A. crept back into the jungle and the grass grew around him. Palms with long elegant fingers reached out, skirts of petals lifted to be fertilised. Onwards he crawled, back into the jungle. A loving creeper tangled herself around his wrists and ankles, tendrils of vine curled down from above; the mane of the jungle stroked his head – smooth and shiny like an ivory ball – and quietly wrapped herself around his throat. He opened his mouth to scream and vignettes grew down his throat and into his veins, turning blood to sap. Roots sprouted out of the soles of his feet and tried to burrow into the forest floor but the foliage took hold of him by the trunk and felled him to the ground. The creeper tightened her grip around his neck and his eyes bulged, spiky-teethed leaves nibbled his edges. Dead still, nuzzled into the moist warmth of the forest’s belly he felt nothing of the little creatures over-under-through him, scurrying, sniffing, breaking off little pieces of white flesh, thickening yellow liquid, maggots crawling and poppies growing through ribs, the carcass sweating poison, droning humming, until nothing left but skeleton. Long grasses swished closed around him, the stir of leaves, the distant snap of twigs, whispering, vanishing.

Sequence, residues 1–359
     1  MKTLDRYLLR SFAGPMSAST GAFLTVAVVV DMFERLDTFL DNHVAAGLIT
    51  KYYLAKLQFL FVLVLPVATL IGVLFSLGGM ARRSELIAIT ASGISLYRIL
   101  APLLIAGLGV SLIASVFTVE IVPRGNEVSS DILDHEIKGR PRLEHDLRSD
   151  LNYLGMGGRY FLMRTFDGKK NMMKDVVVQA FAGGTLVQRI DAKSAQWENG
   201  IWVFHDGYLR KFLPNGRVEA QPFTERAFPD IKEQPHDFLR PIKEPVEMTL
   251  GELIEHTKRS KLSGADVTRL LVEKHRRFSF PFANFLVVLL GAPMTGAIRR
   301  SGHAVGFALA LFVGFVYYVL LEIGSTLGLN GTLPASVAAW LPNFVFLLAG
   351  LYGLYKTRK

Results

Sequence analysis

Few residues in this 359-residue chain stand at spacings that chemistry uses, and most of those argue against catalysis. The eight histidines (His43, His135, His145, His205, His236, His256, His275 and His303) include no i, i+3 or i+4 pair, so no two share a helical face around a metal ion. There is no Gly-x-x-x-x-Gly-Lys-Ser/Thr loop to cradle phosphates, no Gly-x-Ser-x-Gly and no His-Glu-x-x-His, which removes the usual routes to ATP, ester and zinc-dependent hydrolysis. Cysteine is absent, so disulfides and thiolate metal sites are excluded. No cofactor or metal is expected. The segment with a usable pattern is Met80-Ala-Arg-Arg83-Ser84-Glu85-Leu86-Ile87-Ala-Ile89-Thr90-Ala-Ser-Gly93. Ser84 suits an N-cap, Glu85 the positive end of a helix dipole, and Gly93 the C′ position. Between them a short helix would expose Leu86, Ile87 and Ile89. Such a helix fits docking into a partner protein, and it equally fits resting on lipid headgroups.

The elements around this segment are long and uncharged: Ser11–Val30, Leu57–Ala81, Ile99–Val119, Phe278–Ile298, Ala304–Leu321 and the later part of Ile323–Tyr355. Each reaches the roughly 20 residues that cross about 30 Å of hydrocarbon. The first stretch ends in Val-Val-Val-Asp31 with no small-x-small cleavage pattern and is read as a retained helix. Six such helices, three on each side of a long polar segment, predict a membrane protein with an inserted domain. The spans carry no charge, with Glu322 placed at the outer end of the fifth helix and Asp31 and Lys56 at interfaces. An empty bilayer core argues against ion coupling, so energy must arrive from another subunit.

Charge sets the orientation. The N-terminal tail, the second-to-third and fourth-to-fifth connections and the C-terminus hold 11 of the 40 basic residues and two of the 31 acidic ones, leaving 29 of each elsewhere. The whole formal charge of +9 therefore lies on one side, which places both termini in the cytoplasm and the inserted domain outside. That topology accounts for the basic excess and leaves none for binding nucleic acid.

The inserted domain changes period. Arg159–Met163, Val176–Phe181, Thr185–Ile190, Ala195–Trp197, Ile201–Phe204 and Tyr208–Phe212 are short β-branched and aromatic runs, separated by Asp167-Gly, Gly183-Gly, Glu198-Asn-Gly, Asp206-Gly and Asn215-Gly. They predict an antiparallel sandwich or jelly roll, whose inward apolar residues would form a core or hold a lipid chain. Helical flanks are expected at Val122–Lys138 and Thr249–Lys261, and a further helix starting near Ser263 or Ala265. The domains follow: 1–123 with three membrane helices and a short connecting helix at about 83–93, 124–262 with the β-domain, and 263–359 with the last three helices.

But why would Venus bother with a fly?